Patulin determination in apples with rotten areas
Data de publicação2009-08-01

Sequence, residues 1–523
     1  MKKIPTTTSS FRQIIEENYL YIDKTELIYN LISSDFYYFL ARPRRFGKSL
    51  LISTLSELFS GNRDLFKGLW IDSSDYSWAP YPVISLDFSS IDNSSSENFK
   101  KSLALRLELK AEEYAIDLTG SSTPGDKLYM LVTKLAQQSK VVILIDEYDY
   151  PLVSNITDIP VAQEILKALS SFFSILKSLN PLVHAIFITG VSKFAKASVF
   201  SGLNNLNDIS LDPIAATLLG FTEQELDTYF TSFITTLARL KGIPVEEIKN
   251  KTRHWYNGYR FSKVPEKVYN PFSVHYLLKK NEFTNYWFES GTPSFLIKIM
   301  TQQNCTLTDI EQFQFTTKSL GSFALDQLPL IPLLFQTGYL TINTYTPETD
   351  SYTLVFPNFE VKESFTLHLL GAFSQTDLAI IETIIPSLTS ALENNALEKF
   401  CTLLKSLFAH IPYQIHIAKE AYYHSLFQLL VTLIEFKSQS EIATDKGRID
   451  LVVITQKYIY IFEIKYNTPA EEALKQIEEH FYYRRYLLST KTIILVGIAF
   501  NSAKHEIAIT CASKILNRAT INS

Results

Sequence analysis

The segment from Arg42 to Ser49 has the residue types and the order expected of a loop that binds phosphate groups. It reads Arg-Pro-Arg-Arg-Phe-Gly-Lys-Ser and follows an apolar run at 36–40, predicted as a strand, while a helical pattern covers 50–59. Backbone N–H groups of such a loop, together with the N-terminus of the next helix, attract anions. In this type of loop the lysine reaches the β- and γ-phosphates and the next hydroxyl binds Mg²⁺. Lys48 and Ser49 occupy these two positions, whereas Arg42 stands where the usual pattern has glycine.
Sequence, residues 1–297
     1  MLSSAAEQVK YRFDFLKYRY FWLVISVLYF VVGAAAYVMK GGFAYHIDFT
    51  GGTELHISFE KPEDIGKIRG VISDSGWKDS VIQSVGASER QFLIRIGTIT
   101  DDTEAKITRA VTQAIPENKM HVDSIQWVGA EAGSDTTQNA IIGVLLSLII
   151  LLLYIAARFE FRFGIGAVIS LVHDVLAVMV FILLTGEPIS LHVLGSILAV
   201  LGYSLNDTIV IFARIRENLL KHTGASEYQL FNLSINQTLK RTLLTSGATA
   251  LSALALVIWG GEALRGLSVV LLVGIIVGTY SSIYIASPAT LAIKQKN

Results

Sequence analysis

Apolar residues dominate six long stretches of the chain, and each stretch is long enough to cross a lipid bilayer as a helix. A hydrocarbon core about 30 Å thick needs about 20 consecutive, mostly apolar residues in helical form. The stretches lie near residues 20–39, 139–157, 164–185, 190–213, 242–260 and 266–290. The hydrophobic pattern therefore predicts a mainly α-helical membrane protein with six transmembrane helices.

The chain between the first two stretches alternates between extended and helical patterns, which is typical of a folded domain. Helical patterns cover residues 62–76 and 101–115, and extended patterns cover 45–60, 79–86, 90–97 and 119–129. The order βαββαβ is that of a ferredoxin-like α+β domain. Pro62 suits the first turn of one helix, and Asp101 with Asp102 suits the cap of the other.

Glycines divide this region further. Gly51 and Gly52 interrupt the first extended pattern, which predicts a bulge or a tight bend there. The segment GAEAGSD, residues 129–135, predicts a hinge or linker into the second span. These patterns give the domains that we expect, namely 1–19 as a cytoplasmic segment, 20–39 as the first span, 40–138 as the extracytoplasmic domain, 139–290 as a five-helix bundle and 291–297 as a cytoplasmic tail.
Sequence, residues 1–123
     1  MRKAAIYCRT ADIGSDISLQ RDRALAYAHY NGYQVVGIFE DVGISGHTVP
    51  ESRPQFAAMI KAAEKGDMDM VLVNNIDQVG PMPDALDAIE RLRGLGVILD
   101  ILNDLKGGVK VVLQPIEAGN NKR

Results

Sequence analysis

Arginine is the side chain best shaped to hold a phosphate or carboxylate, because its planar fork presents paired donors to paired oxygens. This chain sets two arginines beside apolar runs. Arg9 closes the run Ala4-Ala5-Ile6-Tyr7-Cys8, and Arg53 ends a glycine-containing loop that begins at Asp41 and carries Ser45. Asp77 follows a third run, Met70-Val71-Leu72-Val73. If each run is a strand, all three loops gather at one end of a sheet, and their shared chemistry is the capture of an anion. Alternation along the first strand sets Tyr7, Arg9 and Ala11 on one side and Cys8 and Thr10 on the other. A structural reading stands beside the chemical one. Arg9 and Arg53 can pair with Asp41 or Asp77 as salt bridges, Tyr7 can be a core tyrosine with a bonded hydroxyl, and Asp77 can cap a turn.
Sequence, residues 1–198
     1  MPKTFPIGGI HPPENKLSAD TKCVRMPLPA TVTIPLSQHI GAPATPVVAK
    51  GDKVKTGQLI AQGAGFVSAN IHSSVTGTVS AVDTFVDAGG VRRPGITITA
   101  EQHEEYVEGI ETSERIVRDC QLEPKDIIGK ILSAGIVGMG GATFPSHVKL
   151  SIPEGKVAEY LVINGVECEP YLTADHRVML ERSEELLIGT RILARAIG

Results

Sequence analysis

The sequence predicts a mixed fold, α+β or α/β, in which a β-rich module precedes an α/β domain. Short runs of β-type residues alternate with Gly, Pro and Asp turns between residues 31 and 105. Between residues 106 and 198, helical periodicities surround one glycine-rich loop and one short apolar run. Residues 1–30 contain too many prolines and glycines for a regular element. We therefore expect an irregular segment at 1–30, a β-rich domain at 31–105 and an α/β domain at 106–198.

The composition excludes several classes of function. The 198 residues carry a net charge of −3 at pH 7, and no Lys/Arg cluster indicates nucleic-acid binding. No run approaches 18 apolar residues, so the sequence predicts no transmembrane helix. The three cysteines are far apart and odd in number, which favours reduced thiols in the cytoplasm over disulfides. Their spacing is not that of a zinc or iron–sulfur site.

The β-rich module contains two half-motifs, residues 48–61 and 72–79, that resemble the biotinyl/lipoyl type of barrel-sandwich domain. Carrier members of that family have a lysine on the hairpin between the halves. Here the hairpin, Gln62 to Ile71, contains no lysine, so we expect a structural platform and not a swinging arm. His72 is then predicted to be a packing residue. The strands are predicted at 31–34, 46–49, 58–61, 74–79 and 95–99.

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Patulin is a mycotoxin produced by Penicillium and Aspergillus species, and in particular by P. expansum in apple-rotting fungus. In this work, we evaluated the patulin content in apples with rotten areas of different sizes (with green and/or blue moulds), and we studied the diffusion behaviour of patulin into unspoiled areas of the apples. An analytical procedure based on high-performance liquid chromatography with UV detection was used to analyse 35 apples with rotten areas. Separations were performed on a 250x4.6 mm i.d. C(18) analytical column of 5 mu m diameter. Acetonitrile/water (5:95) was used as the mobile phase at a flow rate of 1.5 ml/min and the elution was monitored by UV absorption at 275 nm, performed at 40 degrees C. The detection limit by HPLC-UV detector for pure standard was 6.7 ng/ml and the quantification limit was 0.03 mu g/ml. The affected areas represented different percentages of the total weight of the whole apple and ranged from 2.5 to 52.3%. Three apples had patulin concentrations below the limit of detection; the remaining 32 apples had varying patulin levels (from 1.01 to 120.40 mg/kg). To evaluate if the mycotoxin could migrate to the areas not yet affected by rot, we analysed the unspoiled portion of each apple, showing 1.91 mu g/kg as the median concentration of patulin and the highest value of 5,020 mu g/kg; these results confirmed that patulin could migrate through apple tissue that has not yet been spoiled.